In the years since I transitioned from white evangelicalism to progressive Christianity, I have found repeatedly that the proposition which most often gives white evangelicals conniptions is not any sort of challenge to biblical inerrancy or the affirmation of gender and sexuality diversity. They don’t like this stuff, to be sure, and if it comes up there will likely be some hemming and hawing about how I’m a misguided or wayward Christian. If you bring up the fact that American white evangelicalism is predicated on a system designed two hundred years ago to alleviate Christian slave owners’ sense of guilt at being both Christian and slave owners simultaneously, they get uncomfortable or retreat back into the epistemic bubble that declares their theology untainted by history. Still, they won’t say you’ve gone off the deep end into heresy.
No, that sort of apoplectic fit comes along most frequently in connection with making the proposition that God is not an abusive parent. What I mean by that is that white evangelicals are practiced in a mode of thought that ascribes to God the characteristics of supreme power, supreme self involvement, and supreme vindictiveness. These characteristics combine to create a picture of God that relies on a particularly cruel theodicy in order to remain coherent.
I’ll try to break this down.
God’s nature as the source of the whole of Creation implies to many people that God must also be the most powerful being in existence. They created the rest of this somehow, and we rightly recognize in the act of creation a remarkable power. Of course, in Christian theology we also attribute to God the characteristic of supreme love, and love is such a complex, non-coercive phenomenon that we almost immediately encounter an irreconcilable paradox: the purest exercise of power is in making something behave counter to its nature, and the purest exercise of love is in fostering and encouraging something towards the best parts of its nature. We want God to have both traits, but we don’t know how to make these traits mesh. The result is a vision of God that is at odds with itself. Nonetheless, instead of acknowledging we’ve conceived a paradox, we write it off as a mystery of God’s nature and move on to the next part of the construct.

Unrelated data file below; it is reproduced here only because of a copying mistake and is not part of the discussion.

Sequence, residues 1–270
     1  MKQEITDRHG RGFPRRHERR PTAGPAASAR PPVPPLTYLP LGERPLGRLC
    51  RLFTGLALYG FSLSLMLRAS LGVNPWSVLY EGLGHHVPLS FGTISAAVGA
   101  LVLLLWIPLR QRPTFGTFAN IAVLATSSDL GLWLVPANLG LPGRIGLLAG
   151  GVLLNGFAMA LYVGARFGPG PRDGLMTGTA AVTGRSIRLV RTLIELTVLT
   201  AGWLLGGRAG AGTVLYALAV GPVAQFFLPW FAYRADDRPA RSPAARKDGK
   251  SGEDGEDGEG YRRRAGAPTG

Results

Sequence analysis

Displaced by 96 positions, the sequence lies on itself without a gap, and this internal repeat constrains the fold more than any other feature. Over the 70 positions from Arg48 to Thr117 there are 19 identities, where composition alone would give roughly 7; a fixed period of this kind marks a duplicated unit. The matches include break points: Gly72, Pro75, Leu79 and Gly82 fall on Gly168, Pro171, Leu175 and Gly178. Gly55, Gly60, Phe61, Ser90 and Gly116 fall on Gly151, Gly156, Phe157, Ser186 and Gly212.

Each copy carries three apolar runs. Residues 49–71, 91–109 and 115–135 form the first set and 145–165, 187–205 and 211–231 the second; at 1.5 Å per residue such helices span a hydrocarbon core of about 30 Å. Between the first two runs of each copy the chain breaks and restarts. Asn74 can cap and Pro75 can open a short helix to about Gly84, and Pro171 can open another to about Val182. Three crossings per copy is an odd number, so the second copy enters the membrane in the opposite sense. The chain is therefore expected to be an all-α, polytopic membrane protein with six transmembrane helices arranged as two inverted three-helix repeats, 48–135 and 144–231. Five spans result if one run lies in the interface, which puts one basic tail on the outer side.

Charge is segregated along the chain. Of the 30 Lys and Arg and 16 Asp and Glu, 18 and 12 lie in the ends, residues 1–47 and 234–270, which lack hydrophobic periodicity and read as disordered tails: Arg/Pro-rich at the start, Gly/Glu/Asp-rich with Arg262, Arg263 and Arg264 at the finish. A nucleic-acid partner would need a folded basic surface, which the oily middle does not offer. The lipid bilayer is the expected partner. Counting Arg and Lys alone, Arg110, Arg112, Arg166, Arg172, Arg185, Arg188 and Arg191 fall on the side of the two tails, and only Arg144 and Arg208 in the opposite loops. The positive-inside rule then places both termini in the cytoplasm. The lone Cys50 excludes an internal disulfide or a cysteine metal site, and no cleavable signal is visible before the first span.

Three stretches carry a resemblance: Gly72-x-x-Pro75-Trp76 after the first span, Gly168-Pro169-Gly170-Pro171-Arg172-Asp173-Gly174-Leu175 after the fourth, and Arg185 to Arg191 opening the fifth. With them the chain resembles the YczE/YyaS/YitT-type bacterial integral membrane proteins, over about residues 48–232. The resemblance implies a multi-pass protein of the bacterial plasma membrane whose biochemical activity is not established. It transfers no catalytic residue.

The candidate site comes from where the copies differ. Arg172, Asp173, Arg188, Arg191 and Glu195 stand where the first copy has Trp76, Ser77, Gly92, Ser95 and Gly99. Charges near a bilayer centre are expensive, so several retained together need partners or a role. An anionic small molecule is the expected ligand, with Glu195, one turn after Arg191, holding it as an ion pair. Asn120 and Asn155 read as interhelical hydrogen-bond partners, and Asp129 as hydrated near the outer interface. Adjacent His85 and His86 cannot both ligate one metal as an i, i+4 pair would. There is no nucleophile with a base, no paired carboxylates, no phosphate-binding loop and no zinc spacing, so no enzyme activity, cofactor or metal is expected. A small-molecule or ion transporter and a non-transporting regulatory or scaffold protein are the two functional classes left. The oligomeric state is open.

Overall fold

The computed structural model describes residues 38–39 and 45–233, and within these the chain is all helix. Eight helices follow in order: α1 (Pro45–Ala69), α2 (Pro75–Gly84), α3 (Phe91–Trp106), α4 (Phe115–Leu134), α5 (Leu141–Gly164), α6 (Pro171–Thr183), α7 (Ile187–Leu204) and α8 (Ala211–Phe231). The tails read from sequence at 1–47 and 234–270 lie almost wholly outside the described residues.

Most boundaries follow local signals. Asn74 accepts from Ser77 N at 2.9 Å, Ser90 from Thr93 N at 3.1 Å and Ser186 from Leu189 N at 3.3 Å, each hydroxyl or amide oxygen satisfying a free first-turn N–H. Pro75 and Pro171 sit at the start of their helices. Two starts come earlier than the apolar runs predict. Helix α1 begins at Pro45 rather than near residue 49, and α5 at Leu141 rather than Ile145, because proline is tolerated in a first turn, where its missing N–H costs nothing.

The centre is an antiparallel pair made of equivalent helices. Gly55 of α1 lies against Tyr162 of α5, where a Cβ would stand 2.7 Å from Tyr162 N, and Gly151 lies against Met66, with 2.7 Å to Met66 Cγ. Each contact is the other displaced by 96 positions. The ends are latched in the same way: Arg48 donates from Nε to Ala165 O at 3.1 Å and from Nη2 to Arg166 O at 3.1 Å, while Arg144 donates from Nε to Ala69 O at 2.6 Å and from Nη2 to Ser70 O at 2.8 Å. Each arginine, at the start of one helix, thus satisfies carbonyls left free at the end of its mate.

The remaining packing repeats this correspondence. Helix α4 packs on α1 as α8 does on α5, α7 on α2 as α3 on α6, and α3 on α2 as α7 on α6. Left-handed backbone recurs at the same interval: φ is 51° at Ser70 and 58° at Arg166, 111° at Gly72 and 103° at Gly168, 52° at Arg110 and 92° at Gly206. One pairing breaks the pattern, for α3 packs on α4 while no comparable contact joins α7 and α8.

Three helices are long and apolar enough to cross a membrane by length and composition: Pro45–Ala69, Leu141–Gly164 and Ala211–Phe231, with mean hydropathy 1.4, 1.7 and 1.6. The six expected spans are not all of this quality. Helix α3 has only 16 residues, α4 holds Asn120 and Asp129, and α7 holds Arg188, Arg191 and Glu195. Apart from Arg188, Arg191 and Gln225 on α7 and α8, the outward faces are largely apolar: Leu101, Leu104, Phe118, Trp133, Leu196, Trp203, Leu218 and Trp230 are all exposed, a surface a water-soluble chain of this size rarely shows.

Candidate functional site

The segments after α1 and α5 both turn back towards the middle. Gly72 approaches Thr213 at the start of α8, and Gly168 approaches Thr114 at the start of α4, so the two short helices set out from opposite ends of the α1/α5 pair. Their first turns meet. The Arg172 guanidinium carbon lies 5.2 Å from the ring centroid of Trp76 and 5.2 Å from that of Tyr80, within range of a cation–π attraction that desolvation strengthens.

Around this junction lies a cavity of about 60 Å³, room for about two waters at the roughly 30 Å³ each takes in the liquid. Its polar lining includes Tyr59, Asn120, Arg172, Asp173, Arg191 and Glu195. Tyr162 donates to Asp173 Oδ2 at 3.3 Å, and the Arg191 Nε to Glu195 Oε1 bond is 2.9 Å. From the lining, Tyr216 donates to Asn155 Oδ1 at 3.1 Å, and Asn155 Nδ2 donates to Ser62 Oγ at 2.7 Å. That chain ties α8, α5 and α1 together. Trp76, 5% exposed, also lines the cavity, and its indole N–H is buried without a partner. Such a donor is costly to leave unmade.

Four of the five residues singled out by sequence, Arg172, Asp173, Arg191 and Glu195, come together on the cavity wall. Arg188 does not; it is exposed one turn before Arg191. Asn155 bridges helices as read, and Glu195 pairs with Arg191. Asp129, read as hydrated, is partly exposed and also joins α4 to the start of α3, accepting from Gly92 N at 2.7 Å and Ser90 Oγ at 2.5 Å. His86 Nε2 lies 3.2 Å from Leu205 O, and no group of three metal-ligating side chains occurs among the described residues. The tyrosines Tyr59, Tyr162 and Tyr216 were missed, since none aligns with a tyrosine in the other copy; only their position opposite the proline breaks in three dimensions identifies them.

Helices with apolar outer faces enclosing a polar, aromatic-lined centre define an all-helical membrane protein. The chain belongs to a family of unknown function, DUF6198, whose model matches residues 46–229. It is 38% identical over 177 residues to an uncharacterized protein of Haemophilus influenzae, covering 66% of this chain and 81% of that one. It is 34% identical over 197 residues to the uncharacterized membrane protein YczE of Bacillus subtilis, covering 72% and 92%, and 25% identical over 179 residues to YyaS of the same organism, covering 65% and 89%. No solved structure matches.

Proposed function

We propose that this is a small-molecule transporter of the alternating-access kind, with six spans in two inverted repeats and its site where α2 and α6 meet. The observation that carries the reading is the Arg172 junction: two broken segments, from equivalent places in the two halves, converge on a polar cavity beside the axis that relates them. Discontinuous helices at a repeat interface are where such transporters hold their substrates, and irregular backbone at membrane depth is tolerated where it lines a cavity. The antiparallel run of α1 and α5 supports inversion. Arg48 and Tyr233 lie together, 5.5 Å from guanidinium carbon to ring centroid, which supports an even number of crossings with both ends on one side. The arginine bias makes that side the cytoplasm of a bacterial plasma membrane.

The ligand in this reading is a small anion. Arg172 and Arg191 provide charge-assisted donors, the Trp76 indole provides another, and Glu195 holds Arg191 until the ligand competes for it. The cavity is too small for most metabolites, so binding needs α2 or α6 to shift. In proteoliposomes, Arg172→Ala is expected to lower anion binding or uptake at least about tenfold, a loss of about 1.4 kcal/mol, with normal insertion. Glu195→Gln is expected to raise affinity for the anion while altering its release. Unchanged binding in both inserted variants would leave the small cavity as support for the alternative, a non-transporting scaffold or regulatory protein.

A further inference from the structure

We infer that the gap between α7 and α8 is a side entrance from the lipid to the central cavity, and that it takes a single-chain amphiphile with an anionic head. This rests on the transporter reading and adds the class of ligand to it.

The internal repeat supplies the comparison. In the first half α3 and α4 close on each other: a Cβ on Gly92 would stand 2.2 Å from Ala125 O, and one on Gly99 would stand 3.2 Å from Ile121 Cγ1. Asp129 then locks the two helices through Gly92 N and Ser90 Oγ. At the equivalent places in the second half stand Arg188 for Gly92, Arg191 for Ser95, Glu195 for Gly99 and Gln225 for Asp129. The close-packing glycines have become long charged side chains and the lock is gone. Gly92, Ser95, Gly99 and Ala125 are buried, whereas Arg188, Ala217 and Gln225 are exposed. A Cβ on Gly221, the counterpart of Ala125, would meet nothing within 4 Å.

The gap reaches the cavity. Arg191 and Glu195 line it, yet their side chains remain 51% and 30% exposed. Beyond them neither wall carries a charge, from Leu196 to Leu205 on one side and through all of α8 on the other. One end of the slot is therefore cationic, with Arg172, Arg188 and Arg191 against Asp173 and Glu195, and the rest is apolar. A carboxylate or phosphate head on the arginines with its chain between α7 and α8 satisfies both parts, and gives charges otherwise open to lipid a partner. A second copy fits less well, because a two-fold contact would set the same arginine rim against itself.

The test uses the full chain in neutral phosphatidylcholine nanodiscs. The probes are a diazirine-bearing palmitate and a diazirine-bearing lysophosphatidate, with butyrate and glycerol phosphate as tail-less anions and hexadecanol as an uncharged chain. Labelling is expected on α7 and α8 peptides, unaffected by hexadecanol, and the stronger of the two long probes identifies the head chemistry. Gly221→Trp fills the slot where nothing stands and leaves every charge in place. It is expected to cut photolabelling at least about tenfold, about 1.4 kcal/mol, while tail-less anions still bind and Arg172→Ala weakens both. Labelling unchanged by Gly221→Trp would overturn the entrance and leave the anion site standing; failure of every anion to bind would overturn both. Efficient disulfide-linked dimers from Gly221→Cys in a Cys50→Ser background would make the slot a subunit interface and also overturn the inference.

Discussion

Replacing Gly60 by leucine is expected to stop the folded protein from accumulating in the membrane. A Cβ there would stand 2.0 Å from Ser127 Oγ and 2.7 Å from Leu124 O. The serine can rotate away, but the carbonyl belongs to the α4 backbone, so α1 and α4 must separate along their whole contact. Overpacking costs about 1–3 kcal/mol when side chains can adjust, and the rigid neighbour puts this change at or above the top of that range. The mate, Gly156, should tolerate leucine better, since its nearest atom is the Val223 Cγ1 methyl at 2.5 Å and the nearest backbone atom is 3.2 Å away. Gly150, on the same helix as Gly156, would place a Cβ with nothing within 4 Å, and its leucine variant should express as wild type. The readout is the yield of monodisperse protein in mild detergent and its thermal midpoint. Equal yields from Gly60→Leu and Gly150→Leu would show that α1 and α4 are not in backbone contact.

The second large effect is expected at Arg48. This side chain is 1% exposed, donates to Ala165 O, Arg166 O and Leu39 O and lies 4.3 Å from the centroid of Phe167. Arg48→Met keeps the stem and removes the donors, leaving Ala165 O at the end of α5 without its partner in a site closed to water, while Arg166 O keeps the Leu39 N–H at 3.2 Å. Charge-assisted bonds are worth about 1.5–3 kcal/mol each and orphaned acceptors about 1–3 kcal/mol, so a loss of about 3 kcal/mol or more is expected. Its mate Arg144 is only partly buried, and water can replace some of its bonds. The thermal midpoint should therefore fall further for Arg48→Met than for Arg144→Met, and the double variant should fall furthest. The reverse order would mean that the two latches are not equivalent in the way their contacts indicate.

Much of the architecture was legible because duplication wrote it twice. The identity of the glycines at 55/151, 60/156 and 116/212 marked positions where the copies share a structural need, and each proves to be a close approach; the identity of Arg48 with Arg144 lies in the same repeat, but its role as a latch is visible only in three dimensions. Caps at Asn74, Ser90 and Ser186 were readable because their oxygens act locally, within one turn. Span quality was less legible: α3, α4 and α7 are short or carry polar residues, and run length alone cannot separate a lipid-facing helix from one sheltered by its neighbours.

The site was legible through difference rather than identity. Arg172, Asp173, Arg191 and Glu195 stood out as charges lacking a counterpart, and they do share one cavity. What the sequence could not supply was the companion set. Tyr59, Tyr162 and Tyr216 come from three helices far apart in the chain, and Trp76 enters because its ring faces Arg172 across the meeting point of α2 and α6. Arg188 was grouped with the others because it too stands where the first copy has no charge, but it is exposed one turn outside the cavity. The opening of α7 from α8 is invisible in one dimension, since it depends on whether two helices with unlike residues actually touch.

Of course, what follows is theodicy; we recognize evil’s existence, but we’re puzzled by it. God’s supposed to be all powerful and all loving, so why this problem that very clearly they should be able to solve? Humans have come up with a bunch of ways to try to rationalize the issue, and none of them are totally satisfactory. The process of explaining why God has not made use of their supreme power or their supreme love to rid Creation of evil is fraught, and often implies further complications in defining God’s character. In white evangelicalism, the justification for evil often stems from a proposition somewhere that Creation deserves its corruption as just punishment for some deviation from God in the past. God’s working out how to fix this problem, but in the meantime we just have to accept it as a natural consequence. That’s almost tenable until you go back to the power/love dichotomy and get all turned around trying to understand how God can be capable of fixing things completely, but has chosen a method that works out on a scale beyond our comprehension so that evil still runs rampant in our localized perspective.